In 1901, the British photographer James Williamson, a key member of what is known as the ‘Brighton School’ of film pioneers (to learn more about early cinema, click here), released his comedy The Big Swallow (AKA: A Photographic Contortion). According to Michael Brooke of the British Film Institute’s Screenonline website, the film is “one of the most important early British films in that it was one of the first to deliberately exploit the contrast between the eye of the camera and of the audience watching the final film.”
Just a minute and few seconds long, The Big Swallow features a petulant man who ends up swallowing the cameraman himself as the latter zooms into his face.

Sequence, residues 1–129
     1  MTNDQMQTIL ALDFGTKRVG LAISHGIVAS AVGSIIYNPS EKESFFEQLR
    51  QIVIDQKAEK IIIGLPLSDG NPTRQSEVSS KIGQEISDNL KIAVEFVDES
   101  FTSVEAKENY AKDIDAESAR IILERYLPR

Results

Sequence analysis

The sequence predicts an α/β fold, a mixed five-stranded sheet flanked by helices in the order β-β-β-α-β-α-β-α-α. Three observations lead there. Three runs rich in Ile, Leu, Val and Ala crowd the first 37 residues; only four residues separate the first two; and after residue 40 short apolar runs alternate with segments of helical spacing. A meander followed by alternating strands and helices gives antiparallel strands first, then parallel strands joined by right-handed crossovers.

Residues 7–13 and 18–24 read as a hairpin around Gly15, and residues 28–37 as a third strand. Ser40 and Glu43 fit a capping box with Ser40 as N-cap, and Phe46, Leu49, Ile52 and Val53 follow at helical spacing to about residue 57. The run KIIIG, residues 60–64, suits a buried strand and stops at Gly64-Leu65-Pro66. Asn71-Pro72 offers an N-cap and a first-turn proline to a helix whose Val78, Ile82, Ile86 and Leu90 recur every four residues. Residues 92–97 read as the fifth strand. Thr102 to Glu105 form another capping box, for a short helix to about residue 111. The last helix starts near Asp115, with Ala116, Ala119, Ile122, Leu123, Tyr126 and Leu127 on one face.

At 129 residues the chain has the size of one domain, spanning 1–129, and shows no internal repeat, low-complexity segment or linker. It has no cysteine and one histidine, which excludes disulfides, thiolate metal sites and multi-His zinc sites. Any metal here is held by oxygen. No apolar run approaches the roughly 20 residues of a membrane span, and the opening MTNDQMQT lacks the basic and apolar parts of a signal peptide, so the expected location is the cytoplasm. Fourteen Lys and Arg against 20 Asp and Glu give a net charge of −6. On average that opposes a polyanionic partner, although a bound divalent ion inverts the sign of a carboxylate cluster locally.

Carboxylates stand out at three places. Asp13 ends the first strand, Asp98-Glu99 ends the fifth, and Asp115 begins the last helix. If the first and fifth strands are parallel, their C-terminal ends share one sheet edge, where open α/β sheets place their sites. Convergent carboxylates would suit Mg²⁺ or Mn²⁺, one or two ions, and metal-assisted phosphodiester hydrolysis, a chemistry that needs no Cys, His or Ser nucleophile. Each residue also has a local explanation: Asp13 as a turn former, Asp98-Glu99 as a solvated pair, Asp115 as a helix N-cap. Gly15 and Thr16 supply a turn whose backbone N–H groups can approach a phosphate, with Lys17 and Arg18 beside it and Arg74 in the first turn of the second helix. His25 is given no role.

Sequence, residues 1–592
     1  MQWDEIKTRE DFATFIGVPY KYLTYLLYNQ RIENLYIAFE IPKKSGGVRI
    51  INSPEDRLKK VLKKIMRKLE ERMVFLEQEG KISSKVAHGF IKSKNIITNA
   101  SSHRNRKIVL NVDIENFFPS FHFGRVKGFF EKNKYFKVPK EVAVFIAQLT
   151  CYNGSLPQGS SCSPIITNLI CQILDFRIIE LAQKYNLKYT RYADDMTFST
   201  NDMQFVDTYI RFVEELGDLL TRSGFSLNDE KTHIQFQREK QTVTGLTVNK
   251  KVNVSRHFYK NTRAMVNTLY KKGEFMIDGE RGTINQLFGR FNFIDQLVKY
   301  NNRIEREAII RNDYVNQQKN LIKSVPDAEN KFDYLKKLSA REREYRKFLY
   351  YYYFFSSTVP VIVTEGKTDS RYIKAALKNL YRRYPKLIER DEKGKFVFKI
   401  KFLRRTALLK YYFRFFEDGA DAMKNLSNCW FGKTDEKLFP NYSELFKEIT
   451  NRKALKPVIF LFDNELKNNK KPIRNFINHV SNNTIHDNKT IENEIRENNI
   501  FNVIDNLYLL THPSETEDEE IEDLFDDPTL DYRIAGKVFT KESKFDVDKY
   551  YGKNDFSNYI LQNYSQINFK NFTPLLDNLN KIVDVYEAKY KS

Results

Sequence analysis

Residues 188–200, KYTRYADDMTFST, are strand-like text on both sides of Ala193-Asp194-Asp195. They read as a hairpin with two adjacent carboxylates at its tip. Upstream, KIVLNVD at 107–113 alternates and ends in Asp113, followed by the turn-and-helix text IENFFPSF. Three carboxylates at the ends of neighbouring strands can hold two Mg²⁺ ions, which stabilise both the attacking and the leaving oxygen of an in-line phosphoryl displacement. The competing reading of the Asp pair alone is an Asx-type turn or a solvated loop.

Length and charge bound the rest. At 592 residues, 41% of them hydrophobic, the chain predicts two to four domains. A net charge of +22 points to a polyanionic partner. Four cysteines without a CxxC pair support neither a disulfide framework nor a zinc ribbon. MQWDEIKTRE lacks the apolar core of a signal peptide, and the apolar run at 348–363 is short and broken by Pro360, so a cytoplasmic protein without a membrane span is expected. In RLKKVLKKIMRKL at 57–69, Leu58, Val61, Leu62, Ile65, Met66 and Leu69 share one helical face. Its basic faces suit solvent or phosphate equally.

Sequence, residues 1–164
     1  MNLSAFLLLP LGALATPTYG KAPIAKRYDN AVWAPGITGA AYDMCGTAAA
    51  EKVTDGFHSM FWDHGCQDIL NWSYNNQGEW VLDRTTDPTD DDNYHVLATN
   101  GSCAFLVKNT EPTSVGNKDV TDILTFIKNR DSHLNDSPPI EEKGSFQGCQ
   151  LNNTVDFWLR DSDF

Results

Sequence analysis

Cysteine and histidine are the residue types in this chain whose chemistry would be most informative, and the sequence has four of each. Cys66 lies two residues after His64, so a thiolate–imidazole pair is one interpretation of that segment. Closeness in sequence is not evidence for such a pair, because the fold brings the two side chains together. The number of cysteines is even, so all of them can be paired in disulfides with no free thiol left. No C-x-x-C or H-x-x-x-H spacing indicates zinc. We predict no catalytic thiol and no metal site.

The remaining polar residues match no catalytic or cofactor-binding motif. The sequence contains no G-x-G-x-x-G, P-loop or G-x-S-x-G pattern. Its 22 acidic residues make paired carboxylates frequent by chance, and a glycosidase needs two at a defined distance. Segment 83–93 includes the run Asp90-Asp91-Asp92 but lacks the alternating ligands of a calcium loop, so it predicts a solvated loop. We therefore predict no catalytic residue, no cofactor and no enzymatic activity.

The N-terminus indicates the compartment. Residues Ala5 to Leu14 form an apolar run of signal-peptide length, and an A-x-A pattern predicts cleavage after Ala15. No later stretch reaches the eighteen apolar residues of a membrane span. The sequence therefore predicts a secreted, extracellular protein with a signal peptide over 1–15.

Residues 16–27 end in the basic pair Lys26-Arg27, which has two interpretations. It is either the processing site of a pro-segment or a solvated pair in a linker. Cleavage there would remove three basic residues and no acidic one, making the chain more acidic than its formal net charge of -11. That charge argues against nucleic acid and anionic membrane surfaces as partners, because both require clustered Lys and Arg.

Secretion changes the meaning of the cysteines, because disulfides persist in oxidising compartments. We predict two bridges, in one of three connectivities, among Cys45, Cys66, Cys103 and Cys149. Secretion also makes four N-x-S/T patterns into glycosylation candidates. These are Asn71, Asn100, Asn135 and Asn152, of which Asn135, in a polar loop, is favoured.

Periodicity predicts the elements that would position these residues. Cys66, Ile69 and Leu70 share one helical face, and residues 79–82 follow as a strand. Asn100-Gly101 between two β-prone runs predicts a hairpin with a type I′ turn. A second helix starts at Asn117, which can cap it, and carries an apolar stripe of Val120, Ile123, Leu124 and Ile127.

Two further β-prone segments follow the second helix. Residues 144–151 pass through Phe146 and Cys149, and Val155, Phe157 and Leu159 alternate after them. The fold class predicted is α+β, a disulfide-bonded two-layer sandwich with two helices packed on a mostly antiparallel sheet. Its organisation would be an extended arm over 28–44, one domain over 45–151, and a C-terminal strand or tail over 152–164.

Watch the film below:
Here’s how Williamson described his plot:
‘I won’t! I won’t! I’ll eat the camera first.’ Gentleman reading, finds a camera fiend with his head under a cloth, focusing him up. He orders him off, approaching nearer and nearer, gesticulating and ordering the photographer off, until his head fills the picture, and finally his mouth only occupies the screen. He opens it, and first the camera, and then the operator disappear inside. He retires munching him up and expressing his great satisfaction.
~ As mentioned in 100 Silent Films (2011) by Byrony Dixon
Featured: Screenshot from The Big Swallow, Williamson Kinematograph Company. Used for illustrative purposes only. No Copyright Infringement intended.